SPICE on Solar Orbiter

The instrument "SPectral Imaging of the Coronal Environment" (SPICE) is one of the remote sensing instruments on board the Solar Orbiter satellite launched in February 2020. The Norwegian contribution to the SPICE instrument is the complete data pipeline that converts the telemetry from the satellite to science ready data products. 

Logo SPICE on Solar Orbiter

SPICE on Solar Orbiter. Illustration: ESA

Photo: ESA
Spacecraft
The spacecraft Solar Orbiter combines in situ and remote sensing observations to gain new information about the Sun. Illustration:ESA

About the project

Launched in February 2020, Solar Orbiter will examine how the Sun creates and controls the heliosphere, the vast bubble of charged particles blown by the solar wind into the interstellar medium.

The science payload of Solar Orbiter comprises both remote-sensing and in situ instruments. The in situ instruments will operate continuously. During each orbit, the complete instrument suite will be operated around closest approach, and at the minimum and maximum heliographic latitudes – the segments of the orbit where Solar Orbiter will be farthest below and above the solar equator. Since the orbital characteristics will change in the course of the mission, individual orbits will be dedicated to specific science questions.

Objectives

The objectives of the Norwegian SPICE project are:

  1. Develop, document, and maintain a Virtual Machine (VM) hosting the pipeline environment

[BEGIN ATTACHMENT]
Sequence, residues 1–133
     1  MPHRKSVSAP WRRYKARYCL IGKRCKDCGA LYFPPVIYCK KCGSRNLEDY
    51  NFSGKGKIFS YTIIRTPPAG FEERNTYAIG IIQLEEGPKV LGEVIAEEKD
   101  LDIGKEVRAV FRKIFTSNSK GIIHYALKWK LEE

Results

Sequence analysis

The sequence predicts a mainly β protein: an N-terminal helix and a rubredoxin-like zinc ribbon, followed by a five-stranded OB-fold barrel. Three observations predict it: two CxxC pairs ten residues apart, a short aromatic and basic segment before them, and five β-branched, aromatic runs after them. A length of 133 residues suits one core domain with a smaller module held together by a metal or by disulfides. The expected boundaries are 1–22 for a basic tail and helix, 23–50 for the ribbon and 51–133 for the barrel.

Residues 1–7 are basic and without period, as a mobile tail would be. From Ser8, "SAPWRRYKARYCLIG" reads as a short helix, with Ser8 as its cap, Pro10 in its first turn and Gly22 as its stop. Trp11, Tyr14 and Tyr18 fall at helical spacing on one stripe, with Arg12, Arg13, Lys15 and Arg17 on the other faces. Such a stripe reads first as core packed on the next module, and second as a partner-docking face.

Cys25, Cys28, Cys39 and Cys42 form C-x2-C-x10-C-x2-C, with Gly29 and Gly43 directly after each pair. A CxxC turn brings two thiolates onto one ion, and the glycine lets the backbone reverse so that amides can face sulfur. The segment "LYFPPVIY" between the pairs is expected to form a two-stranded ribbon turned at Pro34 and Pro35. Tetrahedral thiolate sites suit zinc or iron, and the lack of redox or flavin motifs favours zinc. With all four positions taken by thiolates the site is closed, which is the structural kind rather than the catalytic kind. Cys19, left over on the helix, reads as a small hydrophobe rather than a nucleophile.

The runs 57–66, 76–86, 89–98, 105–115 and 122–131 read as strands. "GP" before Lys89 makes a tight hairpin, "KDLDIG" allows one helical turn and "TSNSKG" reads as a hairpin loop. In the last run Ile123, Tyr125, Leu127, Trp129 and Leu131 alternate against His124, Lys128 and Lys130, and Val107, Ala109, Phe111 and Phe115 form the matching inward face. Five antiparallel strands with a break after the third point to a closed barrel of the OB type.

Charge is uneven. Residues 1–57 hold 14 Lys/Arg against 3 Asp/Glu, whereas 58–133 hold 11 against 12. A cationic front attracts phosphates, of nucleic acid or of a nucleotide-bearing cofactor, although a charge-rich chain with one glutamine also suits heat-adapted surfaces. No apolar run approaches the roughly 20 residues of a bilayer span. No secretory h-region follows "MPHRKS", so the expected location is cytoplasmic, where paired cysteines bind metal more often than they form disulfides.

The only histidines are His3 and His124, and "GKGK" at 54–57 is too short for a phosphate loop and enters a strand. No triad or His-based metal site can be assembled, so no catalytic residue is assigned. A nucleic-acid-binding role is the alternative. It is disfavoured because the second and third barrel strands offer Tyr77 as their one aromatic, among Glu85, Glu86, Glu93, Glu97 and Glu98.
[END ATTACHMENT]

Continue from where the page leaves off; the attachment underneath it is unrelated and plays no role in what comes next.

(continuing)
2. Develop, document, and maintain the SPICE low latency data pipeline
  3. Develop, document, and maintain the SPICE normal data pipeline
  4. Produce and deliver formatted science data to the Solar Orbiter archive
  5. Develop, document, and maintain science-oriented quick-look and data analysis tools for SPICE
  6. Write data analysis user guide
  7. Establish and maintain a SPICE archive at UiO
  8. Participate in SPICE consortium meetings and in the planning of SPICE operations

Outcomes

The mission will provide close-up, high-latitude observations of the Sun. Solar Orbiter will have a highly elliptic orbit – between 1.2AU at aphelion and 0.28AU at perihelion. It will reach its operational orbit just under two years after launch by using gravity assist manoeuvres (GAMs) at Earth and Venus. Subsequent GAMs at Venus will increase its inclination to the solar equator over time, reaching up to 24° at the end of the nominal mission (approximately 7 years after launch) and up to 33° in the extended mission phase. 

Being close to the Sun allows for observations of solar surface features and their connection to the heliosphere for much longer periods than from near-Earth vantage points. The view of the solar poles will help us to understand how dynamo processes generate the Sun's magnetic field.

Background

Experience from earlier projects (HRTS, SOHO/CDS, Hinode/EIS, and IRIS) has shown that participation in software projects dealing with downstream handling of science data is very beneficial for the scientific exploitation of data.

The work is performed at the Institute of Theoretical Astrophysics by its engineering staff, with project management by Prof. Carlsson and Head of Office Kristine Knudsen and technical leadership by Senior Engineer Stein Vidar Hagfors Haugan.

Financing

The European Space Agency (ESA)

Cooperation

Solar Orbiter is an ESA-led mission with strong NASA participation. There are ten instruments on board, eight of which are provided by Principal Investigators through national funding by ESA Member States. A European-led consortium supported by national funding and ESA contributions provided one complete instrument (SPICE), whilst the remaining instrument and an additional sensor are provided by NASA. 

Time frame

2016-2023

Published Feb. 1, 2021 3:22 PM - Last modified Feb. 2, 2021 11:52 AM